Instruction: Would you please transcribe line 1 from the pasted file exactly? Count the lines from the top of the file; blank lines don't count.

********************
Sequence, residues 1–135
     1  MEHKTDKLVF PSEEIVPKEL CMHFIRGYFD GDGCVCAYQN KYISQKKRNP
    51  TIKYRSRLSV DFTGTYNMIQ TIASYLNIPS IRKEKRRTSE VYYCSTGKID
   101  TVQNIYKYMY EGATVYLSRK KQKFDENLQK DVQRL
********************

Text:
Sequence, residues 1–135